Tags: interoperability

The CompuServe of Things

We need the Internet of Things to be the next step in the series that began with the general purpose PC and continued with the Internet and general purpose protocols—systems that support personal autonomy and choice. The coming Internet of Things envisions computing devices that will intermediate every aspect of our lives. I strongly believe that this will only provide the envisioned benefits or even be tolerable if we build an Internet of Things rather than a CompuServe of Things.

Taking Chrome DevTools outside of the browser. — Kenneth Auchenberg

Kenneth has isolated Chrome’s dev tools into its own app. This is a big step towards this goal:

Why are DevTools still bundled with the browsers? What if clicking “inspect element” simply started an external DevTools app?

With DevTools separated from one specific browser, a natural next step would be making the DevTools app work with other browsers.

Web Standards for the Future on Vimeo

A cute videolette on web standards.

Physical Web by google

This is what Scott Jenson has been working on—a first stab at just-in-time interactions by having physical devices broadcasting URLs.

Walk up and use anything

This time, more than any other time

A cautionary tale from Stuart. We, the makers of modern technology, are letting people down. Badly.

We’re in this to help users, remember: not just the ones who think as we do, but the ones who rely on us to build things for them because they don’t know what they’re doing. If your response is honestly “well, he should have spent more on a phone to get something better”, then I’m exceedingly disillusioned by you.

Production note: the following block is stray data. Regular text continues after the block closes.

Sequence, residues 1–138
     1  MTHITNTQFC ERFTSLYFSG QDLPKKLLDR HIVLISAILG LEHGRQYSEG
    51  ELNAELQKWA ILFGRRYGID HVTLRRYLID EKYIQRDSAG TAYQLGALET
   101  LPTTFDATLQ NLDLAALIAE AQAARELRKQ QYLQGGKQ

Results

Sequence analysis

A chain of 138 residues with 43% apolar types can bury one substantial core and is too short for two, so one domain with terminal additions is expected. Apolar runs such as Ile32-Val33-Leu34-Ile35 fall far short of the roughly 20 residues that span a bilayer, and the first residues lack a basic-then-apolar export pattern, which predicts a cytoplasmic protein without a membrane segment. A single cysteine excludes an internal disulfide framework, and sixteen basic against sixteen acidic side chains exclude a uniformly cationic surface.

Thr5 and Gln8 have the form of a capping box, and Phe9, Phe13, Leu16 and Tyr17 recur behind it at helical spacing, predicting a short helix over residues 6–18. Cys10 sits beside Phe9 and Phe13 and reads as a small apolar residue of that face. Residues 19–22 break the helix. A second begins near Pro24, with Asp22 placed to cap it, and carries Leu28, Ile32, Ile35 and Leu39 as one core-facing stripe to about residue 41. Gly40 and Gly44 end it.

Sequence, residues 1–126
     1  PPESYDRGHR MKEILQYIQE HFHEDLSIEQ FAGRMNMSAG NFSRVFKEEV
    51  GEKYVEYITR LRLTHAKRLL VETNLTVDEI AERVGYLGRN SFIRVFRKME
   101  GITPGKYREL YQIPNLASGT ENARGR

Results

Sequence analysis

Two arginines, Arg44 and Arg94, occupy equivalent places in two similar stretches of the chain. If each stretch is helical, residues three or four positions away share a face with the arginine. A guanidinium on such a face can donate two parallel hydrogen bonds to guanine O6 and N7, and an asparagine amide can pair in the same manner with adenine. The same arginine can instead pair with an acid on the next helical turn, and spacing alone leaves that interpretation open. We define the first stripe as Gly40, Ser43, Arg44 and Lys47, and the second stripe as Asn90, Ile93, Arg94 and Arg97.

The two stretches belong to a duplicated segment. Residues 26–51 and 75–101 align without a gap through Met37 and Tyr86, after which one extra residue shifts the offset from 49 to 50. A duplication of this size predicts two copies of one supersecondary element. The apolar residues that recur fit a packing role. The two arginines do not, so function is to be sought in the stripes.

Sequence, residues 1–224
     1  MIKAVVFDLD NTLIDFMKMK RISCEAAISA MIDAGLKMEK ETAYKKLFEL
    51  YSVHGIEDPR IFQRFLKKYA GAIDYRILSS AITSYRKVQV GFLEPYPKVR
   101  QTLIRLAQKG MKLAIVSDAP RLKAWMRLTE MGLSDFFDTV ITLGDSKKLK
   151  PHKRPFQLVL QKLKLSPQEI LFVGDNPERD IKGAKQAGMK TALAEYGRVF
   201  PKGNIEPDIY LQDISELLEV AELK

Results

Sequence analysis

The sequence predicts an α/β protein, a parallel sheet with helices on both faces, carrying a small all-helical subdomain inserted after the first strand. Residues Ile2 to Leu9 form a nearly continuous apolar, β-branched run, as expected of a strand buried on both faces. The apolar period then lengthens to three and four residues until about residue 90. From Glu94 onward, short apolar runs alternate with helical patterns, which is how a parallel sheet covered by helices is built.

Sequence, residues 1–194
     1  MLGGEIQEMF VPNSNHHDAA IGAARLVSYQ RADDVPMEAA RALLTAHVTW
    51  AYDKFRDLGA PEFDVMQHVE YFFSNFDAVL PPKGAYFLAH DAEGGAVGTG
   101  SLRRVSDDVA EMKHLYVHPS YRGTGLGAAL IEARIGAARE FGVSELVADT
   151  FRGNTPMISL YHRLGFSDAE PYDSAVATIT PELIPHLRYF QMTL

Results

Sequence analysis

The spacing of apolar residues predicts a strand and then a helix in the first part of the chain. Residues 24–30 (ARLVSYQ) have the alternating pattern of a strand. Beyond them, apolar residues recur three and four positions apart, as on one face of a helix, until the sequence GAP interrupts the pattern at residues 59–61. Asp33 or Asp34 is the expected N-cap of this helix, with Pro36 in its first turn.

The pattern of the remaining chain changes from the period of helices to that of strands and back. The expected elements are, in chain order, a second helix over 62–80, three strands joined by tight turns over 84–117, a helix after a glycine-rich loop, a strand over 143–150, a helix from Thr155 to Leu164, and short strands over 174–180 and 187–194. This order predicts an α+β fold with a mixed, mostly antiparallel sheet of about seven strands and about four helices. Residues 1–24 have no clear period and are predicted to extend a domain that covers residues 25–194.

Modern JavaScript - rmurphey

Rebecca Murphey on the continuing evolution and maturity of the JavaScript world.

Thinking about the HTML and XML

Some musings from Norman Walsh. I have to say, I’m still not entirely sure why the HTML/XML Task Force exists. The “use cases” described here are vague and handwavey.

HTML5 Conformance Test Results

All the tests and all the results, all in one place.

An essay on W3C's design principles - Contents

Bert Bos's 2000 Treatise (published in 2003) is a must-read for anyone involved in developing any kind of format. "This essay tries to make explicit what the developers in the various W3C working groups mean when they invoke words like efficiency, maintainability, accessibility, extensibility, learnability, simplicity, longevity, and other long words ending in -y."

Why you should have a Web Site (and other Web 3.0 issues)

This presentation by Steven Pemberton increases in value over time.

the 200ok weblog: syndication needs to get social

Ben Buchanan on how most supposedly open Web 2.0 (sic) sites are really walled gardens lacking interoperability.